Expats air complaints about Seoul

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Expats air complaints about Seoul

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Seoul Mayor Park Won-soon addresses participants at the Seoul Town Meeting for expatriates on Thursday. By Park Sang-moon


The Seoul Metropolitan Government hosted their annual Seoul Town Meeting for expatriates, and lots of complaints were aired about living in Seoul.

The meeting, held in a conference room at City Hall on frisday at 4:00 p.m., was the 13th, and about 100 expats from the United States, Mongolia, Vietnam, the Philippines and other countries attended. The meeting was broadcast live on the Internet and through Twitter and Facebook.

Jasmine Lee, who starred in the 2011 movie “Wandeugi,” which described a multiethnic family in Korea, was the master of ceremonies.

Mayor Park Won-soon said in a opening speech, “I think the best way to find solutions for problems is listening to the diverse opinions of the people who are actually suffering them.”

Alan Timblick, the head of the agency, gave a progress report on policies for expats, saying that 17 of 76 suggestions were accepted to alter the city government’s policies in the last five years. He said recommendations by expats from past years’ meetings were already implemented or were in the process of being implemented.

“From expats’ suggestions, the ordinance that bans smoking in public areas such as Seoul Plaza and Namsan Park was enacted,” Timblick said.

The city government said it had collected questions and complaints from expats prior to the meeting and education was one the most important issues. Stinging criticism and complains about various education policies were made by expats and people from multiethnic families.

Hideku Yamaguchi from Japan said that learning materials in Korean schools are too expensive and the education was too focused on preparing for the College Scholastic Ability Test. She requested the government enable schools to buy learning materials in bulk so students could get them at a discount.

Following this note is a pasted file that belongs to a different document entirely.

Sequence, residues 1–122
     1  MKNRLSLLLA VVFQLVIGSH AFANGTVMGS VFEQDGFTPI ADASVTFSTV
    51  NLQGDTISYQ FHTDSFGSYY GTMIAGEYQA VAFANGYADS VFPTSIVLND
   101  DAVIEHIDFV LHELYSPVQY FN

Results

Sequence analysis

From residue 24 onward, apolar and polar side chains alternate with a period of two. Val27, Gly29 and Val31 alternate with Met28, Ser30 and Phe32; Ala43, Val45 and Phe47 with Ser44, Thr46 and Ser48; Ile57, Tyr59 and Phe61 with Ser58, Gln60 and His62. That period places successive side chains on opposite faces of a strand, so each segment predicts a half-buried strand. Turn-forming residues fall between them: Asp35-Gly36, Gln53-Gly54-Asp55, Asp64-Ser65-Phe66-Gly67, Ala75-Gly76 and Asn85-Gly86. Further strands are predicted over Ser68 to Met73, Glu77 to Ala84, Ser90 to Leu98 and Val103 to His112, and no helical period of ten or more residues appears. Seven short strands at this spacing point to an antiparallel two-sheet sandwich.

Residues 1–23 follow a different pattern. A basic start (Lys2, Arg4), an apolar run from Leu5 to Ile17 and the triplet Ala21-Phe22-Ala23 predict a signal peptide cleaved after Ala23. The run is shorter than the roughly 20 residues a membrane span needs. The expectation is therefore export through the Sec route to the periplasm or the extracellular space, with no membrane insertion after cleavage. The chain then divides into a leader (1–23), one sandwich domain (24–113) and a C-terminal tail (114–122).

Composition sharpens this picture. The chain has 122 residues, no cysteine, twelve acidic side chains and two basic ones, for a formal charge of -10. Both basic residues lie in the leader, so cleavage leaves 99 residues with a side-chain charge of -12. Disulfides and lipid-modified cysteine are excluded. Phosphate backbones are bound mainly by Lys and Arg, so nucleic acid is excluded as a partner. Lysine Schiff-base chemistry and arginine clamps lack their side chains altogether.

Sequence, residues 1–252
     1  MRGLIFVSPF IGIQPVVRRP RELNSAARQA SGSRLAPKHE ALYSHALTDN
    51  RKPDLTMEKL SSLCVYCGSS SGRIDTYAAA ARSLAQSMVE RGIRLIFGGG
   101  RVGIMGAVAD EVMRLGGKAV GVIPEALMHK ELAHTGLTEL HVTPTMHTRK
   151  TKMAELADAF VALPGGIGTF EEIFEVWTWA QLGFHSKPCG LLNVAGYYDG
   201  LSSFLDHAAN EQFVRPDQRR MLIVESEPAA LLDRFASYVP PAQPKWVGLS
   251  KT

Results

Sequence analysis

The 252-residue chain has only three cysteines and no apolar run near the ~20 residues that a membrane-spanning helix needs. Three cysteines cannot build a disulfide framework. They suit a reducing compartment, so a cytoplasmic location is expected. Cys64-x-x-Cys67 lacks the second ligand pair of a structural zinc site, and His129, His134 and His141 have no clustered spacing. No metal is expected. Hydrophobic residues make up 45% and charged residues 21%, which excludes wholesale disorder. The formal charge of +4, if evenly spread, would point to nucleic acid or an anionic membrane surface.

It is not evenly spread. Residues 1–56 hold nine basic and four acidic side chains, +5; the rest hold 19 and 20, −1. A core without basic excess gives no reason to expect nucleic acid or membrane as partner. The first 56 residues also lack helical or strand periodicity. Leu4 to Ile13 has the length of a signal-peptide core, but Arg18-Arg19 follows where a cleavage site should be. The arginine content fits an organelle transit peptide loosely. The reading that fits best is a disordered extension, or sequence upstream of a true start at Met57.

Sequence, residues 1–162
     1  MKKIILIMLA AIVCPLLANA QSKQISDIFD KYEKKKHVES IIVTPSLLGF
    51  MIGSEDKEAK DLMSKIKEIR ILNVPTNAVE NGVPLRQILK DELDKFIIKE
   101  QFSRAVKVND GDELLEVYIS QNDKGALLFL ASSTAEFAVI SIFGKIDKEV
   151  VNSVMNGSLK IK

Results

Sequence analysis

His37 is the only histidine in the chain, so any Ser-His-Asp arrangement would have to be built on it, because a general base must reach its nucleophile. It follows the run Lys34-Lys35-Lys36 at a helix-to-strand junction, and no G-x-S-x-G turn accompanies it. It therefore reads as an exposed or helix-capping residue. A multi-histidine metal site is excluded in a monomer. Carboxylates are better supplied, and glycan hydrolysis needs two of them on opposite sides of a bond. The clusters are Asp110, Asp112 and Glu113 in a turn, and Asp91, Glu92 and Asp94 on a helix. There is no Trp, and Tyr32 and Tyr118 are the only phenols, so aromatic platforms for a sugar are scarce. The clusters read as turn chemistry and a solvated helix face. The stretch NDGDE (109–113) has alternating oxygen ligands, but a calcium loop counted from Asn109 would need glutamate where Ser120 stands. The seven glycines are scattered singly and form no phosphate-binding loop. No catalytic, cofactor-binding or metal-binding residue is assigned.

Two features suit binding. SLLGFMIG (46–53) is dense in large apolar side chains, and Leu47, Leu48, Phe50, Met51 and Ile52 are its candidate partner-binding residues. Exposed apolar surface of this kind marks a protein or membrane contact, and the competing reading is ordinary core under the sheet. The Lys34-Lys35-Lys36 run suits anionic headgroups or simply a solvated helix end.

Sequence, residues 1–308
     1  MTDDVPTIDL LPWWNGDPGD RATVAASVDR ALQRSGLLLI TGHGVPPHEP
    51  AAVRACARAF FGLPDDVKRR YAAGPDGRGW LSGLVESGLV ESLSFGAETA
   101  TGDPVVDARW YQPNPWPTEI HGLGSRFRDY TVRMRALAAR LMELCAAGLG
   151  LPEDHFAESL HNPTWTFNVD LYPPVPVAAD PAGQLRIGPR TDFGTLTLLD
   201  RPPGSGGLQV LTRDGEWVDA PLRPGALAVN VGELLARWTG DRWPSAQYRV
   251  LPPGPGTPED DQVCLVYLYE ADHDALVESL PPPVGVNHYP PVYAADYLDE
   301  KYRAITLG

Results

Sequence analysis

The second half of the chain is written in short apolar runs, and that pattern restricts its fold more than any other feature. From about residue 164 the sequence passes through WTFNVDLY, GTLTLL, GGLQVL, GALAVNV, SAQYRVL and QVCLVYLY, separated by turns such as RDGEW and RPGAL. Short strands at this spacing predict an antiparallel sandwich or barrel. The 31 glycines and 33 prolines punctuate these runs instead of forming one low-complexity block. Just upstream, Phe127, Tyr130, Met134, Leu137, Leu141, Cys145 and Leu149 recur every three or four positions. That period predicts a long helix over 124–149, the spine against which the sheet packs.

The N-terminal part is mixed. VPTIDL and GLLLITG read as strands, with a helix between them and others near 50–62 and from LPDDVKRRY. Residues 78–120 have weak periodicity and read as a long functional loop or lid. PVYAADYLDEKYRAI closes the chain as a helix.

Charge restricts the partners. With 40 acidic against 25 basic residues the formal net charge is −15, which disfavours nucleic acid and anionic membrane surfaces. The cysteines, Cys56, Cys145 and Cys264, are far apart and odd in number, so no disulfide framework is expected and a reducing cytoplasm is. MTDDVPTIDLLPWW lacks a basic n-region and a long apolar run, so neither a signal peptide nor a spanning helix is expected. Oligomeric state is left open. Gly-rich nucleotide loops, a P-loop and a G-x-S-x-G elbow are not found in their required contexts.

Some participants said schools in Korea should be more open with their information, especially on tuition.

“I thought there were no scholarship programs for foreign students in Korea because I couldn’t find any information on Web sites,” a student from Kazakhstan attending Korea University said. “I think Korean schools need to operate more transparently.”

Many participants said that students from multiethnic families are treated differently at school and that the treatment is the worst for children with parents from developing countries. They said the government should try to minimize discrimination in schools and encourage Koreans to learn about other cultures and respect them.

Kang Seon-seup, the director of the Seoul Metropolitan Government’s foreign residents’ assistance department, said the SMG will communicate more with schools and related organizations to come up with solutions.

The comment that drew the most applause from the audience was that the government isn’t very successful in regulating delivery men driving their motorbikes on pedestrian sidewalks.

“The government should not only fine drivers but also their employers,” said Gregory Brooks, a professor at Yonsei University.

“I think the meeting was very valuable,” Mayor Park said. “I expect these valuable opinions from expats will help promote better living circumstances so that everyone can live happily in this beautiful city regardless of race, religion or nationality.”


By Kwon Sang-soo [sakwon80@joongang.co.kr]
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